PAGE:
Degrassi Review: Young Forever


Welcome to my review of the Degrassi summer season finale, “Young Forever.” This episode is entirely dedicated to the memory of Adam Torres.

The quality of storytelling and acting is flawless. It is truly a master class in how every teen-oriented drama should tackle the issue of death as every emotion on display was done in a very respectable and realistic manner. I will go as far to say this episode is better than “Bittersweet Symphony,” which was my favorite episode of the current era of Degrassi. By current, I’m referring to anything since season 8.

The major storyline, and the majority of the episode, finds Drew Torres struggling to come to grips with his brother’s death. Other key stories involve Becky hosting a bonfire as a means for everyone to properly celebrate Adam’s memory, and the revelation that Clare’s cancer is in remission.

Every cast member contributes greatly to the overall tone of the episode. With that being said, the following moments stand tall above the rest:

Clare and Eli

Every scene involving these two is of great significance, especially when you consider their closeness to Adam. Eli even credits a party Adam threw (season 10 episode “Halo”) as what ignited the spark in his relationship with Clare. Their story has an added sense of believeability as Clare experiences intense guilt at the news of her cancer remission. She questions why God allowed her to survive her ordeal while Adam does not. Clare and Eli carried a large portion of the summer season and I can only hope they continue to do so when things resume this fall.



Multiple scenes of the bonfire are done to maximum effect, particularly:

The arrival- Becky initially worries no one will show up since she assumes all of Drew’s friends hate her. Just as she is about to take things down, she is surprised to see people coming out in droves. As everyone arrives, Dave comments, “this is what Adam would have wanted.” This opening scene also allows several characters a chance to catch up. It is the first interaction (Connor & Dave, Alli & Dallas, Imogen & Jenna) many of these characters have had with each other since the previous season concluded. Seeing Dave and Bianca is quite refreshing and one can only hope they will have a recurring role for the remainder of the season.


Drew’s acceptance- Drew wanders the street—still in his funeral attire—in a grief-stricken state. He uses his phone to check Adam’s Facerange (Degrassi’s version of Facebook) account. The volume of farewell wishes he sees posted on Adam’s wall is overwhleming. He proceeds to watch a video of Adam being interviewed about his future goals. The video ends when Adam brings Becky on-screen to share in a playful moment. Seeing his brother so happy with his life, especially after the initial flack he caught for being a transgender, brings a smile to Drew’s face. This moment seamlessly flows into the ending of a memorial video montage being viewed at the bonfire. Words cannot adequately describe how incredible the entire scenario is. It also gives the viewer a genuine sense of the warm, caring individual Adam was.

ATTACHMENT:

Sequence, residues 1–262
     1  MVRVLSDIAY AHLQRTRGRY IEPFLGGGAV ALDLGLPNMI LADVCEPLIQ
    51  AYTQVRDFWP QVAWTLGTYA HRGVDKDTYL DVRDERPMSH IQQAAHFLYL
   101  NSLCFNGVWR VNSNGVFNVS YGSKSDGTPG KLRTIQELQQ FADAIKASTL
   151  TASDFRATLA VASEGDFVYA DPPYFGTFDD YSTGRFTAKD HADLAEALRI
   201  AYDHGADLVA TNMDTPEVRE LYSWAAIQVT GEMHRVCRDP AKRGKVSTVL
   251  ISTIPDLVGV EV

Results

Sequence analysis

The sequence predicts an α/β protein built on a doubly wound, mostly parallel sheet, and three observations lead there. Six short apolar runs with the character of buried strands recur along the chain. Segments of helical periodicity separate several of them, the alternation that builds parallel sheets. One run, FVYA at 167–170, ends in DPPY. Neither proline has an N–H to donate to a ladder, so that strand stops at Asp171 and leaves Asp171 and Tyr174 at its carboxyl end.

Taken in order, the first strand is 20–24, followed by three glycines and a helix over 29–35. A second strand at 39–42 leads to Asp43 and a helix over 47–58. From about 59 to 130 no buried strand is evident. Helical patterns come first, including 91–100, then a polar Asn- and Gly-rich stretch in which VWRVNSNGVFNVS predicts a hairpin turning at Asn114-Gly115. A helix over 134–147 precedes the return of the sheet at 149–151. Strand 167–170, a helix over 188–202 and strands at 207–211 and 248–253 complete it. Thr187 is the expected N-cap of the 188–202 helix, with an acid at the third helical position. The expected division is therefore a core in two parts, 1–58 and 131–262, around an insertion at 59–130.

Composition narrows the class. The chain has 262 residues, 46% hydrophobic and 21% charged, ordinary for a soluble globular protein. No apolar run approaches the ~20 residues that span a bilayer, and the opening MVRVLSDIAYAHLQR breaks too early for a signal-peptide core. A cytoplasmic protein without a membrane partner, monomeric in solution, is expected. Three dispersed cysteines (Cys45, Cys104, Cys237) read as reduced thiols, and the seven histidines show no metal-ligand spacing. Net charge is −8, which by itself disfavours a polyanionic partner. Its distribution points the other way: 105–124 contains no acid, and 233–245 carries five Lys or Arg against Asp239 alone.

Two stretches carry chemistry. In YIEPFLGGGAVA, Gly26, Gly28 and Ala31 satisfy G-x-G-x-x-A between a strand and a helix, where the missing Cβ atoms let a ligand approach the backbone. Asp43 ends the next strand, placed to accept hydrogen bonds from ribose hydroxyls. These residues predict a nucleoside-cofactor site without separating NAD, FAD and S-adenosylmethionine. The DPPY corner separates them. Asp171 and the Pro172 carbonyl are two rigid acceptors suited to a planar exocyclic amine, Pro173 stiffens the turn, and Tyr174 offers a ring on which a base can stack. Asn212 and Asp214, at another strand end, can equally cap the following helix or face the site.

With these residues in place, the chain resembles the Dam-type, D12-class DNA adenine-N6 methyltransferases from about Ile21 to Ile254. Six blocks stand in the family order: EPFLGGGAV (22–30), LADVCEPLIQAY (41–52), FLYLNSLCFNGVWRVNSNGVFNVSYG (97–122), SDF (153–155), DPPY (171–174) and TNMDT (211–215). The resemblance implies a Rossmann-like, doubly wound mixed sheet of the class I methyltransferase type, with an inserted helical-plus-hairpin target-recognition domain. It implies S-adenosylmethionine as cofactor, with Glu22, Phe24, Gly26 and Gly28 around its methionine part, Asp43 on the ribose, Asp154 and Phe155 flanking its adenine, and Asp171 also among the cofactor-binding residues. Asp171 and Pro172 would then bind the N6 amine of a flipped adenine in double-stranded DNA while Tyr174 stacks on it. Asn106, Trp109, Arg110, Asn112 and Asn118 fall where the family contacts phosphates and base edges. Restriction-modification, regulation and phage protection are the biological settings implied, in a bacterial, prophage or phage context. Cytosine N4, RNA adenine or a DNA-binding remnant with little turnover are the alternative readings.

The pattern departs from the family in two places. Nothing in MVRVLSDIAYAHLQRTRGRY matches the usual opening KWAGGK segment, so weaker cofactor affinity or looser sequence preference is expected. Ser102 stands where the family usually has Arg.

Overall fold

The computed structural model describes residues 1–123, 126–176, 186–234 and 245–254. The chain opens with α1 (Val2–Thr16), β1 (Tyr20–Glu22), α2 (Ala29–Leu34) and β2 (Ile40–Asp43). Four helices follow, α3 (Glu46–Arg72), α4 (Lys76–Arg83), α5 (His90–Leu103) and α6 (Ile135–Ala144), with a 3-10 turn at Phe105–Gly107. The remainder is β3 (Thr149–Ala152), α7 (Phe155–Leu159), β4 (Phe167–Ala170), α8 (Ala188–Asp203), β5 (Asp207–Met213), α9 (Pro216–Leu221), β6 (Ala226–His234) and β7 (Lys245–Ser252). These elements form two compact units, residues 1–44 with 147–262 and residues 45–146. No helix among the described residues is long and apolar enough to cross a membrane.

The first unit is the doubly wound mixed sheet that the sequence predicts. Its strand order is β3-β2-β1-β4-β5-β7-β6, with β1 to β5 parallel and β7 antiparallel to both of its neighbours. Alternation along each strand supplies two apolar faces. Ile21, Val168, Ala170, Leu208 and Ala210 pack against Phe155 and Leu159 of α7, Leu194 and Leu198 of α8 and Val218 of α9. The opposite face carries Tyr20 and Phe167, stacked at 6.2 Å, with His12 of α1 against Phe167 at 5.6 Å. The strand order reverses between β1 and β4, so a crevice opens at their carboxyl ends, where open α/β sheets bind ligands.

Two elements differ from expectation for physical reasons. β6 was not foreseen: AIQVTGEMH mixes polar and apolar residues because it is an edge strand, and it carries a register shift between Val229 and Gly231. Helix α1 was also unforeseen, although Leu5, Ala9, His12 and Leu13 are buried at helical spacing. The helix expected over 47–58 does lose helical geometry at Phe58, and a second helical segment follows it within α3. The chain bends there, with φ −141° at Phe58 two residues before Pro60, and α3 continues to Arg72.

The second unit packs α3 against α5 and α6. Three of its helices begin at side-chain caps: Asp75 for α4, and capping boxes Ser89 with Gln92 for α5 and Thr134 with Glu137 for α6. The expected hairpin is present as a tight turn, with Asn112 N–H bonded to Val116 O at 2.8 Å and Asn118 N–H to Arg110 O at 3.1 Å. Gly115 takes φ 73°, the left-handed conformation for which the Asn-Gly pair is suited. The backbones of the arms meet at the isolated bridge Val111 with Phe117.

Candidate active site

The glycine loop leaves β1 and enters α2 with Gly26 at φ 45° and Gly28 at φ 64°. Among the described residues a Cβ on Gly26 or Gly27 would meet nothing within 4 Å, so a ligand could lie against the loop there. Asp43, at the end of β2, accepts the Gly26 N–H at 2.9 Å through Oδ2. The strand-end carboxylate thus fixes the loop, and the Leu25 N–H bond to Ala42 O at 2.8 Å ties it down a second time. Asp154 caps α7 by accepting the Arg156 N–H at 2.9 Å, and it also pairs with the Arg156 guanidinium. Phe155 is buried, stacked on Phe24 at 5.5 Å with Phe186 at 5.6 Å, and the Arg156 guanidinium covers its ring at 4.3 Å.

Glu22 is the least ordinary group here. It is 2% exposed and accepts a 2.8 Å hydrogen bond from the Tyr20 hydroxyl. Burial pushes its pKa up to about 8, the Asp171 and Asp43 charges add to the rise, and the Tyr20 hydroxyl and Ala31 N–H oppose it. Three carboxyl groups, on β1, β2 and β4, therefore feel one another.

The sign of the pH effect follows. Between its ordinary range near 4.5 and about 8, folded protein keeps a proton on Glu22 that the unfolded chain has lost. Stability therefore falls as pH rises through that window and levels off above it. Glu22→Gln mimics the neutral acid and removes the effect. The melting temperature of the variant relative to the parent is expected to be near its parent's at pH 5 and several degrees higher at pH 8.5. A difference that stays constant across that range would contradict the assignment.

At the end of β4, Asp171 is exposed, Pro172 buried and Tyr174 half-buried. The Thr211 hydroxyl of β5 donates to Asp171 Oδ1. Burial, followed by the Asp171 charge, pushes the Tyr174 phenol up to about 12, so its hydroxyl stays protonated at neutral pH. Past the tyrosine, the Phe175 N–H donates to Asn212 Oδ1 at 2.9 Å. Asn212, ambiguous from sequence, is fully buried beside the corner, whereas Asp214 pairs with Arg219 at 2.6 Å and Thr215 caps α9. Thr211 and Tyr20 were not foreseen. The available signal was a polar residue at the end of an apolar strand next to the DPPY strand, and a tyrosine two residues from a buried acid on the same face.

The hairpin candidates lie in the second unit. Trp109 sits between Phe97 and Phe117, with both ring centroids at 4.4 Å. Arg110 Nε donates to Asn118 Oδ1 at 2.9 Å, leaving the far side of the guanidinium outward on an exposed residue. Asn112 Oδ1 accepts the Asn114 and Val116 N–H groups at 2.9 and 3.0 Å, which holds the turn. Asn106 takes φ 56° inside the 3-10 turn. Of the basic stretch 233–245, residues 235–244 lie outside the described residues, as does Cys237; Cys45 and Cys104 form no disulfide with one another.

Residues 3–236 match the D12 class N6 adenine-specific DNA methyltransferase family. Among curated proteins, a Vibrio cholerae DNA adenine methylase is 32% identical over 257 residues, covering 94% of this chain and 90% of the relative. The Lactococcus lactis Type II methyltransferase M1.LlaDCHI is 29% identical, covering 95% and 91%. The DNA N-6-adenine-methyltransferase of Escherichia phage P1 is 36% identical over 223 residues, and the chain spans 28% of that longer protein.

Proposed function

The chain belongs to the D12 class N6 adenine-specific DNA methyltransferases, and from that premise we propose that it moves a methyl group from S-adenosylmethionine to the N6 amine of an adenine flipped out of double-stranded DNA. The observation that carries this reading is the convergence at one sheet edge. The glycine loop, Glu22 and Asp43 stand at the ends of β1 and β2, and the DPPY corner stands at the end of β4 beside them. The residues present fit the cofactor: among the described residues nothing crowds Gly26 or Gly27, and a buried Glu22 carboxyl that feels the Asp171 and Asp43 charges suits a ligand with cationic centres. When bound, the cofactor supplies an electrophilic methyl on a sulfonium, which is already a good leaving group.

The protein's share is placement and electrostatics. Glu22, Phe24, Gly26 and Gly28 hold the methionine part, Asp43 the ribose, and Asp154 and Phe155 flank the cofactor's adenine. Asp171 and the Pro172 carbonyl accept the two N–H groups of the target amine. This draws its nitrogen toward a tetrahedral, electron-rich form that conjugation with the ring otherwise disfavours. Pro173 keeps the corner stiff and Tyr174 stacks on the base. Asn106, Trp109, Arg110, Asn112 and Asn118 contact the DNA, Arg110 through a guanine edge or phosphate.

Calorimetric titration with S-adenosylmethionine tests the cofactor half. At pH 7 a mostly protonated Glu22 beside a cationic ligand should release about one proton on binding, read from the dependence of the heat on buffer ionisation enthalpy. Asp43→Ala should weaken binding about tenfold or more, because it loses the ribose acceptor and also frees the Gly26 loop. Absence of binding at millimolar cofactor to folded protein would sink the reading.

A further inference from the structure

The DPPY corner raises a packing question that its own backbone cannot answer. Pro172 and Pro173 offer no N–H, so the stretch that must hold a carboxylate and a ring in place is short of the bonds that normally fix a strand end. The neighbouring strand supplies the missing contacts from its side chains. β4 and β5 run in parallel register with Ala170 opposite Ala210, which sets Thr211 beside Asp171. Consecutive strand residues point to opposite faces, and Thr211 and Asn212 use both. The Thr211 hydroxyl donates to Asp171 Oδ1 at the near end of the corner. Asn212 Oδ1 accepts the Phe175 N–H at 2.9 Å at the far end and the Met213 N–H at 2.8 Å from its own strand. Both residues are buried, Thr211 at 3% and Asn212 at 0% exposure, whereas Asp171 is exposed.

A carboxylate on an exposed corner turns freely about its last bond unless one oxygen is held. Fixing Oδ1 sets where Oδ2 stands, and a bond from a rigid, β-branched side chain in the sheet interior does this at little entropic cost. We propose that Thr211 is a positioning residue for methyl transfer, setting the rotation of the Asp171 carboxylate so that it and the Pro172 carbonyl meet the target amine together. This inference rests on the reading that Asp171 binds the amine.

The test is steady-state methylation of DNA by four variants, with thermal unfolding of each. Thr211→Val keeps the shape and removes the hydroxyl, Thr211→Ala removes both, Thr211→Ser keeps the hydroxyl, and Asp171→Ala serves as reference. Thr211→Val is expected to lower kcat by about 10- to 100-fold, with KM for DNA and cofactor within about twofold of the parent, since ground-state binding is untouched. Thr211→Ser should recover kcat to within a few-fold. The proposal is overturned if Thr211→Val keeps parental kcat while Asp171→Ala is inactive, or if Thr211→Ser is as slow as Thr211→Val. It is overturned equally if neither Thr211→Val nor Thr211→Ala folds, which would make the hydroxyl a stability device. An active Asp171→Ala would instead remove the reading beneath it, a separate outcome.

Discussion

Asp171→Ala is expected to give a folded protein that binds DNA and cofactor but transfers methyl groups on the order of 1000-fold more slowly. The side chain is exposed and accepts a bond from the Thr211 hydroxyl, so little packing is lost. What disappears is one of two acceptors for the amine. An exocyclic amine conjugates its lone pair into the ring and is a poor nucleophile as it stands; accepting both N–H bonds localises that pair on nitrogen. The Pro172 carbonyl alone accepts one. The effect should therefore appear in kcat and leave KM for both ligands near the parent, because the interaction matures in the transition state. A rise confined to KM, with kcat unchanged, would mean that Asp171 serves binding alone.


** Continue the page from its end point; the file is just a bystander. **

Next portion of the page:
Dallas stepping up to the plate- Drew and Dallas share a powerful embrace upon his arrival to the bonfire. With Adam’s departure, perhaps we will see Dallas step in to become a brotherly figure in Drew’s life.

Goodbyes & apologies- Drew gives a heartfelt goodbye to Adam, finally beginning his own personal journey of closure, as well as an apology to Becky for treating her badly. In an earlier scene following the funeral services, Drew lashes out at Becky, blaming her for Adam’s accident. She was the one Adam was en route to visiting (while texting her) when he lost control of his vehicle. When Drew asks how to move on, she replies, “we have to make his death mean something.”


Symbolic ending- The final scene shows everyone gathered in a circle looking to the heavens as a hot air balloon is released into the atmosphere.


Episode MVP: Luke Bylick as Drew Torres

Luke Bylick undoubtedly steals the show. He really displays a range of ability and, through his performance, humanizes Drew in a manner I never saw in the previous three seasons. His work in this episode—and at the conclusion of last week’s “Honey”—easily ranks among the best of anyone on Degrassi, past or present.

Special comment:

Even though Adam’s death is entirely fictional, the situation surrounding his death is a very real problem. Texting while driving is a leading cause of auto accidents and fatalities. I believe there is nothing so important that you must risk putting your life and the lives of others in jeopardy. It is my hope that these last two episodes of Degrassi will help heighten the overall awareness of this senseless epidemic.

Final thoughts:

“Young Forever” should be remembered as an all-time classic episode paying tribute to one of the more noteworthy characters in Degrassi history. Highly recommended.


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